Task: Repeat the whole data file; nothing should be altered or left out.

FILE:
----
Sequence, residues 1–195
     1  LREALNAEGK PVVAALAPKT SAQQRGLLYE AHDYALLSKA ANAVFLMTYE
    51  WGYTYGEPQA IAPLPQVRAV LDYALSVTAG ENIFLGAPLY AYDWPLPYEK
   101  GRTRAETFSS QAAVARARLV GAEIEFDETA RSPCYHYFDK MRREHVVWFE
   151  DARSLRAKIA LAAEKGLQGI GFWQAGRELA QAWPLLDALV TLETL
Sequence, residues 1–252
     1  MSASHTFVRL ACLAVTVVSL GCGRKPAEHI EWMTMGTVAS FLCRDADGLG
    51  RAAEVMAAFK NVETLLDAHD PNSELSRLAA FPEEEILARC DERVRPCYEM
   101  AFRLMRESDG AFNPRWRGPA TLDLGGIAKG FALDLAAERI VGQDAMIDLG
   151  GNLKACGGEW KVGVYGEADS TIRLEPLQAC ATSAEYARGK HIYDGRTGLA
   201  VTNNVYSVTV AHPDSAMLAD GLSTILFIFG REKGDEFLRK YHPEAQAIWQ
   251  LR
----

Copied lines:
Sequence, residues 1–195
     1  LREALNAEGK PVVAALAPKT SAQQRGLLYE AHDYALLSKA ANAVFLMTYE
    51  WGYTYGEPQA IAPLPQVRAV LDYALSVTAG ENIFLGAPLY AYDWPLPYEK
   101  GRTRAETFSS QAAVARARLV GAEIEFDETA RSPCYHYFDK MRREHVVWFE
   151  DARSLRAKIA LAAEKGLQGI GFWQAGRELA QAWPLLDALV TLETL
Sequence, residues 1–252
     1  MSASHTFVRL ACLAVTVVSL GCGRKPAEHI EWMTMGTVAS FLCRDADGLG
    51  RAAEVMAAFK NVETLLDAHD PNSELSRLAA FPEEEILARC DERVRPCYEM
   101  AFRLMRESDG AFNPRWRGPA TLDLGGIAKG FALDLAAERI VGQDAMIDLG
   151  GNLKACGGEW KVGVYGEADS TIRLEPLQAC ATSAEYARGK HIYDGRTGLA
   201  VTNNVYSVTV AHPDSAMLAD GLSTILFIFG REKGDEFLRK YHPEAQAIWQ
   251  LR